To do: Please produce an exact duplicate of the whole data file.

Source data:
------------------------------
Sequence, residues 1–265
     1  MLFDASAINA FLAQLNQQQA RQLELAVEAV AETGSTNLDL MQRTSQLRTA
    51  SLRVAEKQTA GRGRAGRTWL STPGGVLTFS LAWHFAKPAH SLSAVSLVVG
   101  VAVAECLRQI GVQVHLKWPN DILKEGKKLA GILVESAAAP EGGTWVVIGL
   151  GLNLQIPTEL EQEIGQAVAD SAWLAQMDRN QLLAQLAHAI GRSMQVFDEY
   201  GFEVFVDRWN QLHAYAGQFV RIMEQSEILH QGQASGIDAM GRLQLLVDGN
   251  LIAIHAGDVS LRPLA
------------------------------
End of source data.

Sequence, residues 1–265
     1  MLFDASAINA FLAQLNQQQA RQLELAVEAV AETGSTNLDL MQRTSQLRTA
    51  SLRVAEKQTA GRGRAGRTWL STPGGVLTFS LAWHFAKPAH SLSAVSLVVG
   101  VAVAECLRQI GVQVHLKWPN DILKEGKKLA GILVESAAAP EGGTWVVIGL
   151  GLNLQIPTEL EQEIGQAVAD SAWLAQMDRN QLLAQLAHAI GRSMQVFDEY
   201  GFEVFVDRWN QLHAYAGQFV RIMEQSEILH QGQASGIDAM GRLQLLVDGN
   251  LIAIHAGDVS LRPLA